Length: 288 pages
Audiobook Length: 8 hours and 58 minutes
First Published: 1903
A collection of essays, first published together in 1903, he eloquently affirms that it is beneath the dignity of a human being to beg for those rights that belong inherently to all mankind. He also charges that the strategy of accommodation to white supremacy advanced by Booker T. Washington, then the most influential black leader in America, would only serve to perpetuate black oppression.
Publication of The Souls of Black Folk was a dramatic event that helped to polarize black leaders into two groups: the more conservative followers of Washington and the more radical supporters of aggressive protest. Its influence cannot be overstated. It is essential reading for everyone interested in African-American history and the struggle for civil rights in America.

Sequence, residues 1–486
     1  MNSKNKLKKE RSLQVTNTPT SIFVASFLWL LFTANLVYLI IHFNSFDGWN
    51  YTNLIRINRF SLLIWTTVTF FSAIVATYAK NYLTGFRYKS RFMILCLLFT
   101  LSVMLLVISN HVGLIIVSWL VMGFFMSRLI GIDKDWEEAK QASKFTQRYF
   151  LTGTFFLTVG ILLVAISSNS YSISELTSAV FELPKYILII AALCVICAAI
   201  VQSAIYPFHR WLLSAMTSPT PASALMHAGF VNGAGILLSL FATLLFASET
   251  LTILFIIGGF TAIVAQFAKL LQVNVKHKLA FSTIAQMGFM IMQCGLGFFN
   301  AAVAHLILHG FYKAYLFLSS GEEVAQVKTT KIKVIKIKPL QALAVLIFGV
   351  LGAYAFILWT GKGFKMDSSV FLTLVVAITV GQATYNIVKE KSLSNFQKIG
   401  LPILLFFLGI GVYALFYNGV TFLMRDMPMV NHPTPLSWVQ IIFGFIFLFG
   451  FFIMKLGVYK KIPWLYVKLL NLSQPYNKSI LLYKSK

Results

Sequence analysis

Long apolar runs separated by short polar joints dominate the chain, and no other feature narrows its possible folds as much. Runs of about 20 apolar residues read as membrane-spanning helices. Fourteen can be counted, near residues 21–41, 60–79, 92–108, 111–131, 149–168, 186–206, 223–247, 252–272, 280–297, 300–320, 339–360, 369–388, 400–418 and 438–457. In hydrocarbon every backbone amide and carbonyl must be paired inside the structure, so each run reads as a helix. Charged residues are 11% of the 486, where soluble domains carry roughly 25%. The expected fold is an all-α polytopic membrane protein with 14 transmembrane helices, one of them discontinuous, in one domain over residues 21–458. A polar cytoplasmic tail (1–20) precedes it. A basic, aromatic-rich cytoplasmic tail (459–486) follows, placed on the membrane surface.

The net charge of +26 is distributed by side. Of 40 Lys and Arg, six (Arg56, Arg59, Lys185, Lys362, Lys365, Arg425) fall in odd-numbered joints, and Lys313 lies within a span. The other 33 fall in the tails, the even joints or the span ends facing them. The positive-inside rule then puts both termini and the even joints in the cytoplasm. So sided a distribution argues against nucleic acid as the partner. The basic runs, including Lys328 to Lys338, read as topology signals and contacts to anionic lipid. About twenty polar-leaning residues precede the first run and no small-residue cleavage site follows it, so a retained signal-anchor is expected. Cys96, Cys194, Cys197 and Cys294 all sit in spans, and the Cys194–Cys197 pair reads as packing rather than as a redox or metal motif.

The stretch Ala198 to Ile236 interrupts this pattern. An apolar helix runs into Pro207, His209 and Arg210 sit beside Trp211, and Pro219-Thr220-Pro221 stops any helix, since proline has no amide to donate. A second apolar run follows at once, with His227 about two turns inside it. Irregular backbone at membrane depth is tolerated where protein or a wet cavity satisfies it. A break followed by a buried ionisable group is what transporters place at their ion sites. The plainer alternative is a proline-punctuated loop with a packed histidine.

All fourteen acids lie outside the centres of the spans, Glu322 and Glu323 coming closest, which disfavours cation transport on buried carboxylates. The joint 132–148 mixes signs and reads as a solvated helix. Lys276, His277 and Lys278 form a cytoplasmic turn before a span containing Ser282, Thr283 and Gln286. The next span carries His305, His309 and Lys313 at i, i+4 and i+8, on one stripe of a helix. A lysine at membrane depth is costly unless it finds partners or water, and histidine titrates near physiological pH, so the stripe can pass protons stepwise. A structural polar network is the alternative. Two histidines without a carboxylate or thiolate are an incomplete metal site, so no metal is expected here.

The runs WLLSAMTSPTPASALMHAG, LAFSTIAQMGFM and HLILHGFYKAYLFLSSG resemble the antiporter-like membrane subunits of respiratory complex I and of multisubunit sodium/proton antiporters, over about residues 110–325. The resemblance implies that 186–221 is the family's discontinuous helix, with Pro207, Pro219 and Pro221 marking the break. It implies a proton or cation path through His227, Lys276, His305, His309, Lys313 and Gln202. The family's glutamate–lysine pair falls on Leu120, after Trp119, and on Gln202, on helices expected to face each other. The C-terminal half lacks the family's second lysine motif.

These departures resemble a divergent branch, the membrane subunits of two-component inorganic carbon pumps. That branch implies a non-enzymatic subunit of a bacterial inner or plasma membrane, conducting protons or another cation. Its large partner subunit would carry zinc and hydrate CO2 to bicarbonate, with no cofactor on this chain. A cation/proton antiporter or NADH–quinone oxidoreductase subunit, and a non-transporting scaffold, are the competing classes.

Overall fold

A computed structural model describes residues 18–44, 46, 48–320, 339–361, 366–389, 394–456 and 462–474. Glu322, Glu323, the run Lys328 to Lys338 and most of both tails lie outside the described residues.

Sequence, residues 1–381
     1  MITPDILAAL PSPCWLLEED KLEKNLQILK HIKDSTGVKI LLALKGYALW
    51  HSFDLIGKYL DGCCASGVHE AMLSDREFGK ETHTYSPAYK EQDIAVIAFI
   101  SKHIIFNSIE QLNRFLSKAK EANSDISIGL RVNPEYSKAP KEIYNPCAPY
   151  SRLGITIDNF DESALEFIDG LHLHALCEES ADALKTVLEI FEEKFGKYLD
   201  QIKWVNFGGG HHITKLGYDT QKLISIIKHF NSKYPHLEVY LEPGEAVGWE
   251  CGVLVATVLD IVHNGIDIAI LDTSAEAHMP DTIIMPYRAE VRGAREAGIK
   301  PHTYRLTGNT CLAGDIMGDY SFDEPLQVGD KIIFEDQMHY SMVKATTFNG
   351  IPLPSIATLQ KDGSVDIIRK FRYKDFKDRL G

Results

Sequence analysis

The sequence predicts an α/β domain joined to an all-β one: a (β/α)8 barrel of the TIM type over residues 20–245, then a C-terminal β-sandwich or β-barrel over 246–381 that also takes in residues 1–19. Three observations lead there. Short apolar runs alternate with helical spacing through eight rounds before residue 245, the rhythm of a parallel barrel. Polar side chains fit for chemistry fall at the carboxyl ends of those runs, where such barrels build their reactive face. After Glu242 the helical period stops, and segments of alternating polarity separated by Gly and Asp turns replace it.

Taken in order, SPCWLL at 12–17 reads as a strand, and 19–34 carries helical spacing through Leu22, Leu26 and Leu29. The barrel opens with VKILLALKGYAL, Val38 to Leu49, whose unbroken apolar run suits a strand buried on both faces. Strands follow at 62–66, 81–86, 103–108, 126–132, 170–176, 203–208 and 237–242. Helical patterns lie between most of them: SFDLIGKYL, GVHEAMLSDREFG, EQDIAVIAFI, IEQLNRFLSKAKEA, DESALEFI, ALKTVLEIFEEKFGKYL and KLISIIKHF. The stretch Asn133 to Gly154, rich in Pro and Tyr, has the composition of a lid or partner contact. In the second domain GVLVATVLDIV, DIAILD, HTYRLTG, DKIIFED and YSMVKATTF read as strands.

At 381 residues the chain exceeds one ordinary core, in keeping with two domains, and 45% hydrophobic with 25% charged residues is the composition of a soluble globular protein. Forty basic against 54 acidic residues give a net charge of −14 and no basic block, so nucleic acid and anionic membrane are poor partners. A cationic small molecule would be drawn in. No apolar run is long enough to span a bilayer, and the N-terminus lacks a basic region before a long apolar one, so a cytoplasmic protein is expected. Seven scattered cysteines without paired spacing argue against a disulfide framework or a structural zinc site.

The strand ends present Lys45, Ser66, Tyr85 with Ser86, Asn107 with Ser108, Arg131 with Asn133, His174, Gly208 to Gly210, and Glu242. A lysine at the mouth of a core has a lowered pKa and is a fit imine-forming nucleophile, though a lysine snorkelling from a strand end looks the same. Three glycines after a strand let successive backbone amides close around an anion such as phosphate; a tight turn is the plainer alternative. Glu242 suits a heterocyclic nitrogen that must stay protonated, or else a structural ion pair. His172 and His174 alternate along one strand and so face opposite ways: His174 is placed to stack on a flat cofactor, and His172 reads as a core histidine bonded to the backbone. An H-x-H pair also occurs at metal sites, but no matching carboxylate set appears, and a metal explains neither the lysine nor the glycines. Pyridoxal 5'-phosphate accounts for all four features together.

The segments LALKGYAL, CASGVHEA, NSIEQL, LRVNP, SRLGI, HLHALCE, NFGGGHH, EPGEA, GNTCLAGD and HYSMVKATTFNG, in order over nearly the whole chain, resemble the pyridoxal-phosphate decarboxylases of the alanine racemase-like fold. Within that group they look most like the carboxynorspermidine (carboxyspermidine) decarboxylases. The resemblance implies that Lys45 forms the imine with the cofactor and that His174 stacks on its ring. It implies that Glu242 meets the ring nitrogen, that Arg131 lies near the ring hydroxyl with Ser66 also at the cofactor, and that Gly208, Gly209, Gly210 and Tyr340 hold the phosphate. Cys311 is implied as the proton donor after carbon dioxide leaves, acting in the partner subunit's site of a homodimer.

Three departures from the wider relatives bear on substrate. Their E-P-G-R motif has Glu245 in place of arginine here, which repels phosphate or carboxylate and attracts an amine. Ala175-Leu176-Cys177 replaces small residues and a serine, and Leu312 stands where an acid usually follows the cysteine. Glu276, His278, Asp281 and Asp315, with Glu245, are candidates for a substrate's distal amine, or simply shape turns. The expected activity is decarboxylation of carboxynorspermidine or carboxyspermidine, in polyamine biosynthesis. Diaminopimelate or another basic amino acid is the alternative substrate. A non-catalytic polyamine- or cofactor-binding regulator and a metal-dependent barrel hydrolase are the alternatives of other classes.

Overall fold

Quotes from The Souls of Black Folk
One ever feels his twoness, — an American, a Negro; two souls, two thoughts, two unreconciled strivings; two warring ideals in one dark body, whose strength alone keeps it from being torn asunder.
The history of the American Negro is the history of this strife, — this longing to attain self-conscious manhood, to merge his double self into a better and truer self.
To be a poor man is hard, but to be a poor race in a land of dollars is the very bottom of hardships.
About W.E.B. DuBois
William Edward Burghardt Du Bois was born in Massachusetts. He attended Fisk College in Nashville, then earned his BA in 1890 and his MS in 1891 from Harvard. Du Bois studied at the University of Berlin, then earned his doctorate in history from Harvard in 1894. He taught economics and history at Atlanta University from 1897-1910. The Souls of Black Folk (1903) made his name, in which he urged black Americans to stand up for their educational and economic rights. He died in 1963.